A Happy State to Be In
James Smith, 1860
"A few days ago," writes a godly man, "I said to a sick friend: 'It is likely that your affliction will terminate in death.' She replied, 'Well, it does not matter to me. If I die — then I shall dwell with my God; and if I live longer — then he will dwell with me.' "
What an enviable state of mind to be in. Yet, it is just that state of mind, in which every Christian should be. But am I in that state? Is it my habitual experience? It ought to be, and but for unbelief, or listening to Satan, or judging from appearances, it would be. Let me look at the sentence a little.
"If I die — then I shall dwell with my God." What a blessed assurance! This is Heaven, to dwell with God. To dwell with God in the house not made with hands, eternal in the heavens. A visit from God — how blessed! To have a glimpse of his glory, a taste of his love, and a sense of his favor — how sweet! But what will it be to be forever with the Lord? Forever with the Lord, where there are . . .
no clouds to veil his glory,
no thorns to wound our feet,
no sorrows to pierce our hearts,
no tempter to endeavor to lead us astray,
no sin to wound our consciences, or dishonor our God!
With God! What more can we want, or wish for?
With God! What can our God confer on us better than this?
Nothing would satisfy us without God; and with God, we could part with anything.
"My God," what does this not compass?
"My God," what does this not ensure?
If he is "my God," then he is . . .
my omnipotent friend,
my heavenly father,
and my portion forever.
"I shall dwell with my God." Yes, he has said the word, he has prepared the kingdom, and Jesus is gone to prepare the place. O believer, look not at death — but look beyond it, and anticipate with pleasure and delight the glorious prospect, the prospect of dwelling forever with your God!
"If I live longer — then he will dwell with me." Yes, God and his people cannot be parted. They are one in Christ. They love each other, and delight in each other's society. God will not be in Heaven without his people — and the people shall not be on earth without their God. "I will come unto you," are his own sweet word. "I will never leave you, nor forsake you," is the glorious promise he has given them. They call upon him — and he answers them. They invite him to their hearts and homes, and he comes and makes his abode with them. They live in his society, they enjoy his fellowship, and they are delighted with his love. They can say with John, "Truly our fellowship is with the Father, and with his Son Jesus Christ."
The Lord will be with me. Yes . . .
let me be where I may, in any part of the world;
let me be what I may — poor or rich;
let me be as I may — in prosperity or adversity
— the Lord will dwell with me. May this . . .
comfort me in sorrow,
cheer me in solitude,
strengthen me in weakness,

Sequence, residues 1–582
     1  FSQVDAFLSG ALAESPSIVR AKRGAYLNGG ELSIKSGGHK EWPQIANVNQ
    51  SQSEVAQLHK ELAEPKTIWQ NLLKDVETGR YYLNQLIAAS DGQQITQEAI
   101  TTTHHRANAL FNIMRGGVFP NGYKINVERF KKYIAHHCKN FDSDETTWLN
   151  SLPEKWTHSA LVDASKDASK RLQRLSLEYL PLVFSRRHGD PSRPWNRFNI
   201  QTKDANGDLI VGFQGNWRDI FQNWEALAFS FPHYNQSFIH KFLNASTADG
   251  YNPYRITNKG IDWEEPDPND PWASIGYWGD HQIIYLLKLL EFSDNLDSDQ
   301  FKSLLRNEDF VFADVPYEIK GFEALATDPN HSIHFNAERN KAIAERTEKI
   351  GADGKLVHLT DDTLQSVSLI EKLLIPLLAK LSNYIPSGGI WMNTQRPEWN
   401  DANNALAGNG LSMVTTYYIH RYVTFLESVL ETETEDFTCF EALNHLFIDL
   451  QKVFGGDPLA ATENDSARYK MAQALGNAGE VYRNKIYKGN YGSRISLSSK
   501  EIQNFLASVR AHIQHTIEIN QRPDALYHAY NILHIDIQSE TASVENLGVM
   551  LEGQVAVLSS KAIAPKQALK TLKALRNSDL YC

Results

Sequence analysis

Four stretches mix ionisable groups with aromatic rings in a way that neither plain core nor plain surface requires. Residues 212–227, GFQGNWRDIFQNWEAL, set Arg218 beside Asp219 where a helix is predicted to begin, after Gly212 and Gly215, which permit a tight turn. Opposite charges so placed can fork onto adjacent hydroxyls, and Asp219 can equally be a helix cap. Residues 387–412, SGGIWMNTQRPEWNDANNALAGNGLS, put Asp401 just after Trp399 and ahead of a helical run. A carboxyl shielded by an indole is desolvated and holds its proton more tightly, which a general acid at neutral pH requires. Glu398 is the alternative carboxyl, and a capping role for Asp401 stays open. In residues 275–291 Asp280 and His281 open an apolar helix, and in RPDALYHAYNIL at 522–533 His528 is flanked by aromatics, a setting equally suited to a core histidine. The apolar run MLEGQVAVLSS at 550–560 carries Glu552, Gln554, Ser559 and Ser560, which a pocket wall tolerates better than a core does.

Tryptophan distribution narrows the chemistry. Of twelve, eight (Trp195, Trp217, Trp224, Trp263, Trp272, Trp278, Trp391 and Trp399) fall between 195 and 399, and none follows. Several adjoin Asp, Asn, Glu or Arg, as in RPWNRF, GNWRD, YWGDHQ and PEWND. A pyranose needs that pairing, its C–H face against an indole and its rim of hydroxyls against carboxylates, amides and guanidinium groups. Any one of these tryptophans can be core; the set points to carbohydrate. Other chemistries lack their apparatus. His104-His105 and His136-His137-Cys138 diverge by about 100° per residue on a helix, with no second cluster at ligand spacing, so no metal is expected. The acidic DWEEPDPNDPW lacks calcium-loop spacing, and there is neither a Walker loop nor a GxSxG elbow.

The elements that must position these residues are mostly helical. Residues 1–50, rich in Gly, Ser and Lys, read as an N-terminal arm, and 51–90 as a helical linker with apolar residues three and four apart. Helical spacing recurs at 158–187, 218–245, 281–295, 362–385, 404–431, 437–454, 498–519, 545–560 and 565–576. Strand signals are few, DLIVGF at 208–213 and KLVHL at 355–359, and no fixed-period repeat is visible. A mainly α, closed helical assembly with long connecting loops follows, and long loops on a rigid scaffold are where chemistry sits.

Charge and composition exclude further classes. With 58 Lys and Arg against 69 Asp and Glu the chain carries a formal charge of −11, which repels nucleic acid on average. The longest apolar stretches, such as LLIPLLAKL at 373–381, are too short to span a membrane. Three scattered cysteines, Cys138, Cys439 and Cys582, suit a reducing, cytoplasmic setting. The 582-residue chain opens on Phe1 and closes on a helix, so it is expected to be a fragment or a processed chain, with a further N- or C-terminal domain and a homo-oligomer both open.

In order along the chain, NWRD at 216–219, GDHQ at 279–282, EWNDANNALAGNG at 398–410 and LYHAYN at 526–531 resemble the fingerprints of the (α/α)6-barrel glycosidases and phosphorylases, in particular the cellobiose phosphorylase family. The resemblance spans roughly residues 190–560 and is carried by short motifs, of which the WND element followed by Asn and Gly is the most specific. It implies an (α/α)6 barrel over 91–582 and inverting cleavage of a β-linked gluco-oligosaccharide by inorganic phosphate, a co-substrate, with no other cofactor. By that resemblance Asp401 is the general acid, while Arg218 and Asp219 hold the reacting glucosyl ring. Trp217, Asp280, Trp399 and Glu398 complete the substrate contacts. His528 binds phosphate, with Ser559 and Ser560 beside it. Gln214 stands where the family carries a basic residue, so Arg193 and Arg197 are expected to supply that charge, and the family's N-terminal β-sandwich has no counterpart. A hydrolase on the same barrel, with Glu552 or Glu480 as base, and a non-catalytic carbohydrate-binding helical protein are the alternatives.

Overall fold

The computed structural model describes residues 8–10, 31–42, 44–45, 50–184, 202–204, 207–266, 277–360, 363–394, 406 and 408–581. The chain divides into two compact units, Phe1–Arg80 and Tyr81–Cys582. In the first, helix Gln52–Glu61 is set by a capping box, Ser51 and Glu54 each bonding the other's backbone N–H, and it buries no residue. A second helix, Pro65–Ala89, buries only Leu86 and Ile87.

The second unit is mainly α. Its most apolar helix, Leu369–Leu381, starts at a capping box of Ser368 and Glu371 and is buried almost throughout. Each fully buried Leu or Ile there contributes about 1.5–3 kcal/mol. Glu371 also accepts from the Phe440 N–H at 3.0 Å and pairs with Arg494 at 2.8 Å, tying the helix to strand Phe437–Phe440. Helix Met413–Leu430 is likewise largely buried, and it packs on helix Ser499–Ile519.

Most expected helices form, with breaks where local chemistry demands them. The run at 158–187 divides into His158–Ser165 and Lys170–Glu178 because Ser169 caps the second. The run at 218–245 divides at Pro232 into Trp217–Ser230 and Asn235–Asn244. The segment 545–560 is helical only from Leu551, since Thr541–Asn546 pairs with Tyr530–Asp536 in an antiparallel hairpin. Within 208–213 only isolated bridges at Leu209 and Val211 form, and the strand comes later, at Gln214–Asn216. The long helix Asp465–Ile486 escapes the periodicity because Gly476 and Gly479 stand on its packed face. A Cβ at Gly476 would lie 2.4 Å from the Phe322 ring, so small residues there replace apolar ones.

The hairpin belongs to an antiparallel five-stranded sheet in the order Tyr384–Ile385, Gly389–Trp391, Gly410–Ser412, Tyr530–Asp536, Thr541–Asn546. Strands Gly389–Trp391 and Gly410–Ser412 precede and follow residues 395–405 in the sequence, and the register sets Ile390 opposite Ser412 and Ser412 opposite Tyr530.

and nerve me for the constant fight!
Reader, do you know anything of the presence of God? Can you look at life and death, as the poor invalid did? Are you comparatively indifferent whether you live or die, knowing that if you die, you will go to dwell with God; and that while you live, he will dwell with you?
If you have not attained to this state, settle it in your mind, that it is attainable — and then set your heart on attaining it. Seek it by faith, seek it in fellowship with God, seek it in a deep and abiding sense of your union to Jesus — and you will find it. You must be . . .
be pardoned of God, and know it,
be accepted of God, and enjoy it,
walk in fellowship with God, and maintain it, or you cannot thus live.
Rest not then, without a sense of pardon, without a knowledge of your acceptance, without daily fellowship with God; if you do, you will not be very holy, very useful, or very happy.
Should an invalid read these lines, who is altogether a stranger to these things; to such an one, I would say: My dear fellow-sufferer, look to look to Jesus as the one great Savior; look to him for immediate salvation. He can save you, and if you look to him he will. Your salvation is in his power — not in your own. Entrust your soul to him, and you are safe. There is no . . .
pardon for sinners, but through his blood;
nor justification, but through his righteousness;
nor sanctification, but through his Spirit;
nor Heaven, but through his merits.
Your salvation is quite possible, if you look to Jesus. Possible, did I say, it is certain, absolutely certain; for no one ever did, no one ever could, and no one ever can, no one ever shall perish — looking unto Jesus.
Believer, get near to Jesus in health, and walk closely with him, that so when you come upon a sick bed you may sweetly enjoy your interest in him. Seek, to have your will swallowed up in the will of God, that so you may be willing to be sick or healthy, to live or die, just as the Lord pleases. This is the most holy state that you can be in, it being just the state, in which Jesus lived and died.